Building new worlds: Audio design in gaming

When it comes to creating convincing video games, one of the most important elements is audio design.

Even if a developer manages to craft a really compelling game, create highly unique mechanics that players haven’t seen before, and offer a range of characters worth playing, it won’t matter if the audio isn’t up to snuff. 

This is true for both audio design, which includes sound effects, and the game’s soundtrack, which covers the overall thematic composition of the game. A poor audio experience can translate to players muting the sound or even setting down the game indefinitely.

In fact, audio design is so important that it’s a critical focus for even short-form and casual games.

Slots, for example, are a hugely popular casino game. Regardless of what type of online slots a player gravitates toward in terms of theme, they will expect a solid audio experience. In fact, along with the game’s visual design, audio is one critical piece of the slots puzzle. Audio communicates the setting, characters, theme, mood, and even signals to the player that a multiplier or combination has been hit. 

Some might even argue that shorter games like slots place a stronger emphasis on audio. Because there are limited mechanics at play, audio is one element that creates a memorable and immersive gaming experience. But let’s take a much closer look at the role and impact of audio on video games, specifically looking at traditional long-form games like first-person shooters, role-playing adventures, and more.


Theme, Mood, & Atmosphere

Above, we outlined how audio design and music directly build a game’s atmosphere and mood. But it’s a lot more involved than that, as every type of audio design is specific to genre. In survival and horror games, jarring noises (like dropping a metallic object onto the hard ground) might be added to put the player on edge. In an open-world exploration game, the sound of grass scratching against boots puts a player at ease as they explore the countryside – this is known as sound feedback.

A game that fails in its audio design is highly likely to fail in its primary genre. In other words, if audio can’t be used to help actively build on the story’s narrative and mission, it’s a flub. Worse, it might even confuse the player by mixing genres during a high-tension moment. Viewed in this way, audio is also a tool that developers can use to manipulate the player’s emotions.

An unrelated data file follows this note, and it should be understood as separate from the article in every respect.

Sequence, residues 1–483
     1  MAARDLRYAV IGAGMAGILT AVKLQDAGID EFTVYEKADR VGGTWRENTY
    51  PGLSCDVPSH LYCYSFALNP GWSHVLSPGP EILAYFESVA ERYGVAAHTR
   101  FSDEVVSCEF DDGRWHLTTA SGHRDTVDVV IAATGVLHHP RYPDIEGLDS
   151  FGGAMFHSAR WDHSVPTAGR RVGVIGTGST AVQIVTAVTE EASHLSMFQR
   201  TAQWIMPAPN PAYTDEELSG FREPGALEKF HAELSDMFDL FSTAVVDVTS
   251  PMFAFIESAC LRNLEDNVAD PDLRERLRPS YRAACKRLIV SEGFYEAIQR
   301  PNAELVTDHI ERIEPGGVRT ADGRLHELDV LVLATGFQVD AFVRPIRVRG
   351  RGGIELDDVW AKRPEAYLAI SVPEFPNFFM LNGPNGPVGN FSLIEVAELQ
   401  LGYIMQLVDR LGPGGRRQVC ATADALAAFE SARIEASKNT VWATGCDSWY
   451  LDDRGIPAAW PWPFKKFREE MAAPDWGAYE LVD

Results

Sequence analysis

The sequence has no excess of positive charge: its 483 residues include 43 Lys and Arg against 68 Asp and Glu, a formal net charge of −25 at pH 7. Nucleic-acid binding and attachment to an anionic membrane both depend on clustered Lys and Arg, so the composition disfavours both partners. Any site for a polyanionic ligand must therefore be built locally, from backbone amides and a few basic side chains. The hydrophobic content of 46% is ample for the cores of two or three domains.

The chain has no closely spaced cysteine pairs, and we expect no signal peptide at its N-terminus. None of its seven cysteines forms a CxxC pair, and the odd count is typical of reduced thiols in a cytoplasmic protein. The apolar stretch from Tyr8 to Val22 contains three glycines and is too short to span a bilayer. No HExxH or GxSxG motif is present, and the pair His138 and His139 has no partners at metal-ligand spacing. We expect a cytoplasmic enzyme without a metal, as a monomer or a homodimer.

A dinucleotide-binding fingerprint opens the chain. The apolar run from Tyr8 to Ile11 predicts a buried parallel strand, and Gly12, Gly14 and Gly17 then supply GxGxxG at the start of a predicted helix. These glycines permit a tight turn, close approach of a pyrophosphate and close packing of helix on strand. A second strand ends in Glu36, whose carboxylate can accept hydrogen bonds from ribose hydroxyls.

Gameplay & Mechanics

Sometimes, audio is more than sound feedback or musical compositions. In certain cases, audio signals to players that something is about to happen or that they need to do something. For example, it’s not uncommon for sound to change when a player is nearing a boss battle; the sudden shift in mood is one warning to players that they need to have their wits about them.

In a more concrete sense, audio can be a part of the actual mechanics of the game. Crypt of the NecroDancer, for example, is a roguelike game that requires players to match beats in order to advance. Other times, audio feedback tells players that loot might be nearby, as with Diablo releases—and it might even signal what type of loot they’ll find. In Quake, audio feedback tells players when enemies have picked up weapons.

Once again, audio-based mechanics tend to correlate to genre. Survival, horror, shooter, and similar games tend to rely more heavily on audio than casual games like puzzles and sports sims—at least in terms of mechanics.



Historically, video games haven’t been too accessible. However, this is changing now. Controllers, for example, now come in all shapes and sizes to cater to more gamers. The same is true for audio controls. More developers are looking to make their audio design more dynamic so that any player can join in. One of the most critical developments is labels, which are systems for developer to assign audio cues into text based on categories. This allows the player to differentiate different types of audio as text.

Get real time updates directly on you device, subscribe now.

Similar Stories